Hamline Debate Highlights

I watched and live-tweeted yesterday’s gubernatorial debate from Hamline University, which was telecast on Fox9.

For starters, it wasn’t the worst debate format I’ve ever seen.  Fox 9’s crew of hairdos (I have long since stopped paying attention to Twin Cities anchor teams) largely stayed out of the way of the three reporters – Rachel Stassen-Berger, Tom Scheck and Bill Salisbury – who did most of the questioning.  And most of the questions – the ones that didn’t get into personal lifestyle issues (do we really care if either candidate ever smoked pot?), anyway – were pretty good. 

Oh, yeah – Johnson shredded Dayton.   I know, I’m partisan – but I’m pretty clinical about public speaking.  Johnson is cool, calm, collected, an on top of his facts.  Dayton – as Johnson quipped, at one point – pretty much ran through his ex-wife’s chanting points. 

The three highlights, in my book?

Number 3: The Aisle:  When asked if they were capable of working across the aisle, Dayton’s response amounted to “I could – if it weren’t for that stupid opposition!”.  It’s the GOP’s fault he can’t work across party lines!

Number 2: Pot Calling The Kettle A Pot:  At one point, in one of his few spontaneous moments of the debate, Dayton scolded Johnson about a perceived (and false) inconsistency in his record, ending it by telling Johnson to “pick a side and stick with it”.  I laughed so hard, I nearly soiled myself. 

That’s Governor Dayton; the guy who’se argued both sides of medical marijuana, the minimum wage hike and tip credits, the Vikings stadium subdidy, Gift, B2B, gas and Warehouse taxes, cigarette taxes, fixing MNSure, sex-offender releases, expanded notification of mental health issues to the NICS database (the list of people who can’t legally buy guns), and even on the availability of his daily calendar.  

Number 1: That Definition Of Insanity:  Questioned by the panel and Johnson about the MNSure debacle, Dayton let slip that he thought the real solution was single-payer healthcare.

That’s right – when the government makes a collossal botch of centralizing most of healthcare, let’s let them centralize it all!

The one thing the DFL was able to salvage from the debate was an “oops” from Johnson; asked to define “middle class” in terms of a dollar threshold, after Dayton waffled and proved he didn’t have a clue, Johnson said “I haven’t a clue”.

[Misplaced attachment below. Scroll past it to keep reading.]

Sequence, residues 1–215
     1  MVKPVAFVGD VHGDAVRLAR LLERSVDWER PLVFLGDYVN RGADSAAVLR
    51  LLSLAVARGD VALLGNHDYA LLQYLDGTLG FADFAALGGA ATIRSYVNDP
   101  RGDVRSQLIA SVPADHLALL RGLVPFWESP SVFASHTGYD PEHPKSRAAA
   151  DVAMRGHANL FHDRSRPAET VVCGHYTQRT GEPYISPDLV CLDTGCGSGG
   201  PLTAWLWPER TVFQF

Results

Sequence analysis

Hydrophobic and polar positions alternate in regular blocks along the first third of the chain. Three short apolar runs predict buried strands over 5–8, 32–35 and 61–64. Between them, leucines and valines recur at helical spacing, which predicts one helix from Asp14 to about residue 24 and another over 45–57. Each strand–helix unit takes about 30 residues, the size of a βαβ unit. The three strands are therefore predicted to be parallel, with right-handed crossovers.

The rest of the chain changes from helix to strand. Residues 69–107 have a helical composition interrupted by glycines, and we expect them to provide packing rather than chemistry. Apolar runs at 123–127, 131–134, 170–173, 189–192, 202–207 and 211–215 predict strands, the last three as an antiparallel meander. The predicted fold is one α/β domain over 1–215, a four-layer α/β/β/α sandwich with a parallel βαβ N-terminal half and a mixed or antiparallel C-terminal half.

Of course, there is no hard-and-fast dollar figure as to where the “middle class” begins and ends; it’s more a matter of circumstances; the middle class are those who don’t live off of investments and spare Renoirs,oroff of charity and subsidies.

9 thoughts on “Hamline Debate Highlights

  1. The one thing the DFL was able to salvage from the debate was an “oops” from Johnson; asked to define “middle class” in terms of a dollar threshold, after Dayton waffled and proved he didn’t have a clue, Johnson said “I haven’t a clue”.

    If the race tightens at all, we’ll see that sound bite over and over.

  2. If the polls are correct (and I am hoping like hell they are not) and Dayton gets re-elected, I will changing my stance on one issue…for if that does indeed happen, Minnesotans as a whole are too damn stupid to light a firecracker.

  3. Nobody wants to define the term “middle class” because everyone believes that they are middle class and all politicians say they support the middle class. No politician wants to exclude anyone from the middle class, so this is ‘gotcha’ question, and one politicians are smart enough to sidestep.
    It would be better if politicians were asked about the median incomes of Minnesotans, the average family size, house size, electric bill, etc.

  4. At some point — I’m not sure when — the words “wealthy” and “rich” stopped referring to people who didn’t have to work and began refering people who were well-paid. I reckon it changed because there isn’t much of an ownership class anymore. In the Old Days it was easy to make a division between people who made a living by owning things, and people who made a living by working for the people who owned things. These days what the truly wealthy own isn’t land or factories, it’s cash — or “investments”.
    The bad guys these days are people like pre-presidential Barry and Michelle Obama — highly paid professionals who would likely scoff at the notion that they were “rich”.

  5. Johnson should’ve had a better grasp of the statistics. However one chooses to spin it, Dayton came up with a credible answer and Johnson didn’t. I support Johnson, although i must say, he’s been a disappointing candidate thus far.

  6. Johnson should’ve had a better grasp of the statistics

    No. Johnson should have thrown the question back. “Middle Class” is not a number, or even a range of numbers.

    There are families making under $40K that are middle class. And as Hillary Clinton told us, it’s possible to make millions and still be poor, poor, poor.

  7. MBerg:
    Tell that to the thousands of ‘undecided’ voters who will be watching Jeff Johnson in the DFL ad claiming that he “has no clue” how to define the middle class.

  8. Furthermore, it goes to show how unprepared Jeff Johnson and his team were for this campaign.

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